The fact that the “flying saucers” famously spotted by pilot Kenneth Arnold in 1947 remain unidentified to this day didn’t stop around 900 people — according to an estimate by Lewis County Historical Museum Director Jason Mattson — from showing up on Saturday to celebrate the 75th anniversary of Arnold’s sighting at the Chehalis Flying Saucer Party.
The museum featured several new exhibits including one dedicated to Arnold, one about UFO activity in Lewis County, a 75 years of saucers exhibit and a “flying saucer” drop event. There were also several live music performances at McFiler’s Chehalis Theater and a litany of speakers throughout the day at the Chehalis City Farm, including Arnold’s granddaughter, Shanelle Schanz.
The Chronicle got a chance to talk to Schanz about what it was like for her grandfather as he continued his quest for answers as to what he witnessed throughout his life.
“When my grandfather had his sighting, everyone was just shocked. It shocked the whole world and he was famous overnight,” Schanz said.
The fame quickly began to turn negative as both public debunkers and government agencies began to dispute his claims.
“There was a lot of ridicule. My mom’s last name was Arnold so she was ‘Arnold the pig.’ Everybody would tease my family,” Schanz said.
She stated that she didn’t get ridiculed as badly as her mother and grandfather due to the fact that by the late 1970s and 1980s, mainstream talk about the UFO phenomenon had died down a lot. When the television show The X-Files came on the air in 1993, Schanz saw the public stigma surrounding UFO sightings and witnesses begin to change.
Arnold died in 1984, 11 years before The X-Files ever aired. He only knew ridicule for reporting his sighting and searching for answers throughout his entire life. Ultimately, he was disappointed in how his claims were handled and investigated by the mainstream, but Schanz believes he would be pleased with how perceptions have changed.
“I think he would be so happy because like I said, he died really disappointed,” said Schanz.
Schanz continues her grandfather’s pursuit of answers to this very day and is driven to do so even more now following the 2021 Department of Defense release of videos of UFOs that were encountered by U.S. Navy aircraft.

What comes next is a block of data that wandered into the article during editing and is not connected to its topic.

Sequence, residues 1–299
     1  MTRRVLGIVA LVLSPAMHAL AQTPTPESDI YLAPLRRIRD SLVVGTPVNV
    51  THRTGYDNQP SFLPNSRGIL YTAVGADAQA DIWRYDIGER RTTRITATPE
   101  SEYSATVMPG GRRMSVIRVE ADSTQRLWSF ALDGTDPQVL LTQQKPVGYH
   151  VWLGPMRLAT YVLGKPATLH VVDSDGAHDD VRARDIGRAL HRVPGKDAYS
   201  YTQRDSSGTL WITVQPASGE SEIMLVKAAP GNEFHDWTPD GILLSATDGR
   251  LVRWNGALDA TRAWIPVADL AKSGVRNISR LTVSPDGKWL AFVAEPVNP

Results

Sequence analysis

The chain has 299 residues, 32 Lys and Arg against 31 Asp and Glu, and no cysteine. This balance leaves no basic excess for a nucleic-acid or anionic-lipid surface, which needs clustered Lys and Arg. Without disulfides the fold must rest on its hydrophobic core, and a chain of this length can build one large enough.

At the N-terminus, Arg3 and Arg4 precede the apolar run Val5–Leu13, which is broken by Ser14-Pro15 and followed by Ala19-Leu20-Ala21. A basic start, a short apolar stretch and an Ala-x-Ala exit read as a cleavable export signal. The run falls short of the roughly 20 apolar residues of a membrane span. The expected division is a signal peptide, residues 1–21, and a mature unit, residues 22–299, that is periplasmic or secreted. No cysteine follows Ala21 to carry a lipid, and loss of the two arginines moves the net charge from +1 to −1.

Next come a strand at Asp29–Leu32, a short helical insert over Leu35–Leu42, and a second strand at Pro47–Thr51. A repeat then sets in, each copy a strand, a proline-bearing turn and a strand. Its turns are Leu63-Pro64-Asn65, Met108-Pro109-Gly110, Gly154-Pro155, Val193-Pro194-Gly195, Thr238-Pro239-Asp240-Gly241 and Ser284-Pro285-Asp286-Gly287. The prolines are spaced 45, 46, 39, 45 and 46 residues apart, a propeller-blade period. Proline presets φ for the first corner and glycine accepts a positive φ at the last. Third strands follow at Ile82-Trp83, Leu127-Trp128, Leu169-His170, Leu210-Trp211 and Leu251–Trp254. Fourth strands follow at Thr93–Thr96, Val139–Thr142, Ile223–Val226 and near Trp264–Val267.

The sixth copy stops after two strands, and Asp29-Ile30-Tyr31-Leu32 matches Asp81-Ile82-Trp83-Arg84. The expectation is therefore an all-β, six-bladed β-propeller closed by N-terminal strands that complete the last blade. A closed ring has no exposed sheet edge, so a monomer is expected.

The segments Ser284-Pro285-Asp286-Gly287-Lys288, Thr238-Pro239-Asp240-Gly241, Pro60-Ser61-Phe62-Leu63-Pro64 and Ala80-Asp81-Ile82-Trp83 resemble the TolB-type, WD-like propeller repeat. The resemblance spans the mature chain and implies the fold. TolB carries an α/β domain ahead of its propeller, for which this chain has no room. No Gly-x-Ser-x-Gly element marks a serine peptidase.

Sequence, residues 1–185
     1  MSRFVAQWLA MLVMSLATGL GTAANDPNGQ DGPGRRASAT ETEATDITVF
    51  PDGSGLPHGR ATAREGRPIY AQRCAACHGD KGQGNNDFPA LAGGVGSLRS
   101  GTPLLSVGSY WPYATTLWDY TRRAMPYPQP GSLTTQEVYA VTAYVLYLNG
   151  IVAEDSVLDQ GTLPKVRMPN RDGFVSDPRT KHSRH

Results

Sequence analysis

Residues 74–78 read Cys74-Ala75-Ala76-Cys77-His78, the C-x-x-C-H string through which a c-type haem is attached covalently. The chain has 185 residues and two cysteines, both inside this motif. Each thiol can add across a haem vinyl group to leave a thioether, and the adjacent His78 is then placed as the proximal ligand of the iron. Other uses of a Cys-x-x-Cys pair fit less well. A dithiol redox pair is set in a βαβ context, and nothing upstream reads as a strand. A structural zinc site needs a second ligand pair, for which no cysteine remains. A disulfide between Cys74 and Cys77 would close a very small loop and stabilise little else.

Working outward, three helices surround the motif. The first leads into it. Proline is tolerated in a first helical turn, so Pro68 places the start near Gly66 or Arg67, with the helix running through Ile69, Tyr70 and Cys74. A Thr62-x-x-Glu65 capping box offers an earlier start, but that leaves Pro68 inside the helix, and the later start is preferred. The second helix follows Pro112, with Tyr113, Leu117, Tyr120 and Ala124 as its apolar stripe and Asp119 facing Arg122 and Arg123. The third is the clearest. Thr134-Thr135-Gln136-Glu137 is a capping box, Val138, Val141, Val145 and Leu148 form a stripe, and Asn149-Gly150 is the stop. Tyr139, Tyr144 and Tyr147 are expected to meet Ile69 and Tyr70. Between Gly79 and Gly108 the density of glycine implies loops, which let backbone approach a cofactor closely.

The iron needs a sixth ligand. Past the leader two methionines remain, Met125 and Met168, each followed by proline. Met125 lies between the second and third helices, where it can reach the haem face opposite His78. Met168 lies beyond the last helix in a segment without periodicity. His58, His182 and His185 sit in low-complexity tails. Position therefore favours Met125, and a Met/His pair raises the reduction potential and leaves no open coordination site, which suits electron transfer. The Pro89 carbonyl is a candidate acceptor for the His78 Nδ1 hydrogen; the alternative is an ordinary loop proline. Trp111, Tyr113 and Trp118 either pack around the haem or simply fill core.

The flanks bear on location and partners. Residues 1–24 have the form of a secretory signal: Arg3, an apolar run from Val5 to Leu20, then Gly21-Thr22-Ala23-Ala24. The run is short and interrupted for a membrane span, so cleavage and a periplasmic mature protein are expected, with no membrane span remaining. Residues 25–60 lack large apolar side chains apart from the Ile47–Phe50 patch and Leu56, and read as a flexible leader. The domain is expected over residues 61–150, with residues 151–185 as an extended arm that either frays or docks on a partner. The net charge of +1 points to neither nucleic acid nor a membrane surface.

“They finally had to just admit it because too many people were seeing these things and it’s kind of sad because people like my grandfather were called crazy their whole lives,” Schanz said.
The 1947 Sighting
When Arnold took to the skies over Mount Rainier on June 24, 1947, he almost certainly didn’t think the flight would be talked about well beyond his own lifetime.
He was expecting a routine flight from Chehalis to Pendleton, Oregon, for an airshow, with a stop for fuel in Yakima in his single-engine CalAir A-2 airplane. However, the flight turned into anything but routine, when about 20 miles west of Mount Rainier he saw a bright flash in the northeast.
Initially, Arnold thought it was light reflecting off the metallic wings of another aircraft, but after more flashes appeared, he got a better look and quickly realized he wasn’t witnessing any known conventional aircraft. It certainly wasn’t a nearby Douglas DC-4, airliner which was the only other reported air traffic in the area at the time.
Arnold saw nine metallic objects flying in an echelon formation stretching nearly 5 miles. From what he could see, each object appeared to be circular, roughly 100 feet in diameter, with no discernable tail matching conventional aircraft. The objects would periodically perform various aerial maneuvers including flips, banks and weaves.
Though it was only an estimate, Arnold took the time the UFOs used to fly from Mount Rainier to Mount Adams as he observed them and calculated their airspeed to be at least 1,200 mph, more than twice as fast as any aircraft in 1947. In fact, it wasn’t even until later that year in October that Chuck Yeager broke the sound barrier for the first time at 767 mph.
To this day, it’s not known what Arnold saw in the skies above Mount Rainier, which eventually came to be known as “flying saucers” after an East Oregonian article used the words “saucer-like aircraft” to describe them the day after Arnold’s encounter.
Arnold co-authored a book entitled “The Coming Of The Saucers” in which he detailed his sighting, but despite that and a lifetime of investigation, he never discovered what those objects were.
If you have seen something in the skies you couldn’t identify, contact Owen Sexton at email@example.com as well as Maurene Morgan, Washington Mutual UFO Network state director, at Mufon.firstname.lastname@example.org.